If you have ever had your car towed or called for towing services to come get your vehicle out of harm's way, then you have probably witnessed the driver in action. In the event that you have never actually watched or seen a tow truck driver hitch the truck to your vehicle, you may be wondering how the vehicle gets safely to your mechanic without falling off the truck. Here are the different parts of a tow truck that tow your vehicle and how they help keep your vehicle from further damage.
The Hydraulic Fork
Most standard tow trucks have a hydraulic fork. This is similar to a forklift used on loading docks. The fork extends down and back to meet the front wheels of the car (although it can be used on the back wheels, but the front wheels are preferable). The fork's prongs are adjustable so that they can match the width between the wheels of your car and help support the car from underneath.
The Tire Boots
This is an extra bar that is attached to the head of the hydraulic fork. It has wraparound car boots, similar to those that city parking officers use to keep your car from moving until you pay your fines. These tire boots, however, serve a more useful purpose; they attach to the front (or rear) tires and secure the hydraulic fork under the car and between the tires. Now the hydraulic fork can lift the vehicle up off the ground without it shifting off to one side or toppling over.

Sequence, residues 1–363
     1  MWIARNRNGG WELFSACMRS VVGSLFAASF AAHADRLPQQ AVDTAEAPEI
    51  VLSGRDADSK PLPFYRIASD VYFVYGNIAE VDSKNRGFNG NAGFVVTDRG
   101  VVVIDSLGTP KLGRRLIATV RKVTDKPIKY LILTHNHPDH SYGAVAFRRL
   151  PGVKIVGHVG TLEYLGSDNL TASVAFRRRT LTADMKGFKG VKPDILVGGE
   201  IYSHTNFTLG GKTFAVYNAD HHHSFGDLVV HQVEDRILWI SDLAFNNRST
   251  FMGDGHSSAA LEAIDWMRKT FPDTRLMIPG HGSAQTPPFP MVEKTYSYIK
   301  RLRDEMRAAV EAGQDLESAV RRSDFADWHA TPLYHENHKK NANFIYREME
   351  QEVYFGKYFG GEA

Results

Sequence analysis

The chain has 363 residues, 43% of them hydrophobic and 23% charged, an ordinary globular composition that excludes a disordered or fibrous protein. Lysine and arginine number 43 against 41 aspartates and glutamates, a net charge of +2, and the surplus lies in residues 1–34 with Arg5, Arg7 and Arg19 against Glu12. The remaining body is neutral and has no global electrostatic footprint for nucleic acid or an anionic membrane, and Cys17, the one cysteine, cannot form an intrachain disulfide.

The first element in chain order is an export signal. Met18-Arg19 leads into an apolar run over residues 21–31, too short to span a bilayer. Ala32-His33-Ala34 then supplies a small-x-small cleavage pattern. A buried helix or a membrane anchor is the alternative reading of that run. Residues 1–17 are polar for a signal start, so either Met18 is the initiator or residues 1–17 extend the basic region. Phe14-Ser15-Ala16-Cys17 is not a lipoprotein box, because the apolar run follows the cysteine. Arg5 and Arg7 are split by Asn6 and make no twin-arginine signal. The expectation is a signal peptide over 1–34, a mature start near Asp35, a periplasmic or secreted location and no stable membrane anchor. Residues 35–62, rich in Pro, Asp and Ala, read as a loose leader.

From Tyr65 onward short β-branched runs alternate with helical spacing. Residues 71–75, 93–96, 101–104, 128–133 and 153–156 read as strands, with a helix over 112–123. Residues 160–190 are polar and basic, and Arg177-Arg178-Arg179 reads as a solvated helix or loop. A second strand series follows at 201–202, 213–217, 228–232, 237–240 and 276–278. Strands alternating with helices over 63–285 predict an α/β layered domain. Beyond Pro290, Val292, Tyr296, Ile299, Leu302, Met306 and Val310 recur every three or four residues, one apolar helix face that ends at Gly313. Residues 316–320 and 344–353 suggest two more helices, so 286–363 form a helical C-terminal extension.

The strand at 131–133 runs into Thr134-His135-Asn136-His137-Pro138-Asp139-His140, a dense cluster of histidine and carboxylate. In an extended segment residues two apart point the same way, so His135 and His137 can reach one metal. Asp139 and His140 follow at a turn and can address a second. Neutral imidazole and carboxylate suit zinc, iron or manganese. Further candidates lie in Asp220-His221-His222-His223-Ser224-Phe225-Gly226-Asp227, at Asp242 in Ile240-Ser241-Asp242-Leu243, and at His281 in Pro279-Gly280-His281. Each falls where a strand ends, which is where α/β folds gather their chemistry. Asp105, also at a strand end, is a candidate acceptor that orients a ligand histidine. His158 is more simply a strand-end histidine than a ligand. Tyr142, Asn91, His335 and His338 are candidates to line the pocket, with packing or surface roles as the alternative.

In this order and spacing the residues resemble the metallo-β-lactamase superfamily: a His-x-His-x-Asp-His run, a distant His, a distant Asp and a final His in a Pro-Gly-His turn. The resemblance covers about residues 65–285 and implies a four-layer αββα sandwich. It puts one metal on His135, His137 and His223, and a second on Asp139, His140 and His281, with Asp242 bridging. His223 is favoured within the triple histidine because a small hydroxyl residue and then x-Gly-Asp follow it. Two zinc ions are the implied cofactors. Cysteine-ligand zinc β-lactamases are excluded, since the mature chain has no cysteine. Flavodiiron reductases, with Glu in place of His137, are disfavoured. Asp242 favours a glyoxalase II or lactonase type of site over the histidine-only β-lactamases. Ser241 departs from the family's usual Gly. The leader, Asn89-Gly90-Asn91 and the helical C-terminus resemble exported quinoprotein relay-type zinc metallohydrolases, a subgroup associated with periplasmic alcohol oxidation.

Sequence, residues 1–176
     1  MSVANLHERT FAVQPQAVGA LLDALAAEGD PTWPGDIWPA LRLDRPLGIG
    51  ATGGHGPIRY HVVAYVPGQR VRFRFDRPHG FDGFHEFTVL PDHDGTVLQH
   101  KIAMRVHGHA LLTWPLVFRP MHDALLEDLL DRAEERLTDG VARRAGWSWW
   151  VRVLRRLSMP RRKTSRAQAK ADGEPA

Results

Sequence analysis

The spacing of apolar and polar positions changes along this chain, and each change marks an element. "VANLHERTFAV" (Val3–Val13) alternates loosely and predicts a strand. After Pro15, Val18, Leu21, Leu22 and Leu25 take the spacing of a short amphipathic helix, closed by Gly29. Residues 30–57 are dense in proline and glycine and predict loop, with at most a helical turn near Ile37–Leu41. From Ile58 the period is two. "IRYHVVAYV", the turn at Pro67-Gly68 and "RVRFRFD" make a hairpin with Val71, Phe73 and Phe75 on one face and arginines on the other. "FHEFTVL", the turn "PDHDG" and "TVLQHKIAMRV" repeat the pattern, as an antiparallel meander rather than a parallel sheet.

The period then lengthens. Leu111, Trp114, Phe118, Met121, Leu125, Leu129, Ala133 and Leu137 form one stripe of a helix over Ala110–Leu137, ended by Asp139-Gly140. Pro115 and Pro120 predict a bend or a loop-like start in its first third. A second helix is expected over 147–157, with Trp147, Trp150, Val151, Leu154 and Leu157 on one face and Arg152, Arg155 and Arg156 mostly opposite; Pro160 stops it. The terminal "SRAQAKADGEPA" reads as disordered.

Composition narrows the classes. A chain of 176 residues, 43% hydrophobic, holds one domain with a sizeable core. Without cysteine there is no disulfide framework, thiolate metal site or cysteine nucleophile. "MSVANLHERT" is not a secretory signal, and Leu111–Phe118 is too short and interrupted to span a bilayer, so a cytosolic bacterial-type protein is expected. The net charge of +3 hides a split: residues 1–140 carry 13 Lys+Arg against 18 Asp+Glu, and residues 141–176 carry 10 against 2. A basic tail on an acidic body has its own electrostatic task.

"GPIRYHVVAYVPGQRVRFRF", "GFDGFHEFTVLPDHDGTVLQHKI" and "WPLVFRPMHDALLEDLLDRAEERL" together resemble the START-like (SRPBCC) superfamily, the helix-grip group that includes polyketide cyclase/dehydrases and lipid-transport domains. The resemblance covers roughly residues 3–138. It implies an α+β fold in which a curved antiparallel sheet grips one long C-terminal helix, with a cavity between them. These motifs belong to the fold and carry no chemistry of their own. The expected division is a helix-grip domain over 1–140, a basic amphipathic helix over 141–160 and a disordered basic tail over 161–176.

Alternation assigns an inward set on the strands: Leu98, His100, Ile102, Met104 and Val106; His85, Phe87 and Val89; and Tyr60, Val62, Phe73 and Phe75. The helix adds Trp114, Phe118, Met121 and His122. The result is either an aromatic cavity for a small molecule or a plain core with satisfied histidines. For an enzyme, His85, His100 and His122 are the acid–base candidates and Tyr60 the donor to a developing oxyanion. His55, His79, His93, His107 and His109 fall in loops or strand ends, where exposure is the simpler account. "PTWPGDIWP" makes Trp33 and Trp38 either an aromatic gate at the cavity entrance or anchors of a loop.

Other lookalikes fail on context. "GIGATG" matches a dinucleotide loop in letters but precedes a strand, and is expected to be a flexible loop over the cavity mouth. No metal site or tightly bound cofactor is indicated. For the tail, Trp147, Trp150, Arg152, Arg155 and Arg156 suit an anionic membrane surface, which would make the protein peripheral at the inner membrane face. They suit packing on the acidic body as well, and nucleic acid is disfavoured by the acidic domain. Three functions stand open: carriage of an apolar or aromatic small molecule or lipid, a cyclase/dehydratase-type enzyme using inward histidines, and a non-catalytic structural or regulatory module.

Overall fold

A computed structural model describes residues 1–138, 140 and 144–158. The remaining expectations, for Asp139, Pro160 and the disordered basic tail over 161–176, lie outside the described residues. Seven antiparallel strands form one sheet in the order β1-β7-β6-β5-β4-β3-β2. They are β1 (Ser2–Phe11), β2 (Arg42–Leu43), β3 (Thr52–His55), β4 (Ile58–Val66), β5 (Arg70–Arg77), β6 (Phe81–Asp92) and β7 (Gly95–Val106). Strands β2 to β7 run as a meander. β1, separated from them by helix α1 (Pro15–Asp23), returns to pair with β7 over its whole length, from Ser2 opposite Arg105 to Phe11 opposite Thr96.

The Power Winch
Some vehicles need a little extra help during the towing services process. They are often heavier vehicles or they are so low to the ground that they need to be lifted up just enough to place the towing fork underneath. That is where the power winch is used. It has a hook that connects to a safe location on the underside of your vehicle so that when the winch lifts the vehicle it does not pull parts of the frame or body's shell away from it.
How the Car/Truck Stays Safe
Now that your car or truck is safely pulled up into a semi-vertical position and its two tires are locked into the tire boots at the head of the hydraulic fork, it is ready to leave the scene. Your vehicle should be shifted into neutral so that it just wheels freely along behind the tow truck. Because the rear tires on your car or truck follow each turn the tow truck driver makes, it is like having a utility trailer following behind him or her, only the tow truck's lift system keeps the vehicle from swaying too far out to any side. That is how your vehicle safely gets to the mechanic after you have called for a tow truck.